February 21, 2013
Diclofenac has long been known to be a killer, every bit as dangerous as Vioxx, which may have killed half a million people in the US alone. But diclofenac isn’t only a prescription drug. It’s sold over-the-counter. Yet doctors keep prescribing it and regulators do nothing to control or even warn about it.
Death Mask, Original photo by , cropped, filter and caduceus added
by Heidi Stevenson
Diclofenac is a very common over-the-counter NSAID (non-steroidal anti-inflammatory drug) that can kill at a significantly greater rate than most other NSAIDs. It may be even deadlier than the infamous Vioxx, which officially killed tens of thousands of people. The reality, as reported in Gaia Health, is frighteningly worse. It’s more likely that Vioxx killed half a million Americans.
But Vioxx was only available by prescription. Diclofenac is available both by prescription and casually in drug stores and supermarkets—any place where you might buy over-the-counter pain pills. It’s so profitable that the number of names under which it’s sold is stunning—well over a hundred. You’ve likely seen it as Anuva, Voltarol, Sandoz, or Voltral.
Gaia Health warned about Diclofenac in Diclofenac Deaths May Dwarf Vioxx Disaster: Health Agencies Helped It Happen. About a year-and-a-half ago, a PLoS article reported that heart attacks are 1.4 times more likely if patients take Diclofenac.
Now, we have new PLoS reports documenting and discussing the reality. The aforementioned study examines several existing studies to identify the relative risks of different NSAIDs. They found that all NSAIDs studied increase the risk of heart attacks to some degree.
Etoricoxib increases the cardiovascular risk by more than double and etodolac increases the risk 1½ times. These are prescription-only drugs.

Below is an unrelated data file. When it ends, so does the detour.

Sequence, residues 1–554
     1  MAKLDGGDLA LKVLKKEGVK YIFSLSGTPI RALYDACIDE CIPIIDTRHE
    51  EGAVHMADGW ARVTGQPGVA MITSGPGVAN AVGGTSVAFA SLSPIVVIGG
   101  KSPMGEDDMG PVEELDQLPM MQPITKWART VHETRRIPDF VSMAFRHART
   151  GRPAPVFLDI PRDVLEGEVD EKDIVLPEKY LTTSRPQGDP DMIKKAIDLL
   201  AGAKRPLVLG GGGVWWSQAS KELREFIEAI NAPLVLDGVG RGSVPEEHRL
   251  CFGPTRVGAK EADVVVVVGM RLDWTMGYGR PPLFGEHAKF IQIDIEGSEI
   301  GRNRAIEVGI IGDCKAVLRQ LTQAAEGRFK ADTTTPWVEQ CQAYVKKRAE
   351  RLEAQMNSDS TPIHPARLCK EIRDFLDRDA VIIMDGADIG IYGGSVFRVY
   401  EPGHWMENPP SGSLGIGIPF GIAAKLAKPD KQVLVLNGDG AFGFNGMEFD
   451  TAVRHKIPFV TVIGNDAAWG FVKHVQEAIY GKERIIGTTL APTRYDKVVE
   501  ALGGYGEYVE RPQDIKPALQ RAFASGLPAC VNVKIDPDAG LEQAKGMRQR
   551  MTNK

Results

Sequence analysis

Much more worrisome, though, is diclofenac. Notice that result for rofecoxib, which is the generic name for Vioxx, is almost the same as that for diclofenac.
Now consider that diclofenac is being heavily pushed on people in pharmacies and supermarkets. It is a very popular over the counter drug. Therefore, it’s only reasonable to assume that diclofenac is killing far more people than Vioxx ever did—and Vioxx was pulled off the market for precisely this same risk!
The Evidence-Based Medicine Fraud
The PLoS study, “Use of Non-Steroidal Anti-Inflammatory Drugs That Elevate Cardiovascular Risk: An Examination of Sales and Essential Medicines Lists in Low-, Middle-, and High-Income Countries”, states the issue clearly:
NSAIDs with a high risk of cardiovascular complications are widely used. Diclofenac and etoricoxib together account for approximately one-third of all sales of NSAIDs in the countries included in our analysis. There was no difference between high- and low-income countries. Diclofenac was by far the most popular NSAID, despite having an RR [relative risk] identical to rofecoxib, which was withdrawn from world markets 8 years ago owing to cardiovascular toxicity. The information on cardiovascular risk associated with diclofenac has been available to regulators, writers of guidelines and essential medicines lists, and prescribers for at least 5 years. Calls have been made for its withdrawal. High levels of sales as recently as 2011 suggest that none of this information has resulted in effective action. There has been a slow decline in prescription numbers in England, Australia, and Canada since 2006, but it remains popular in all three countries, particularly in England where it is the single most-prescribed NSAID. [Emphasis mine.]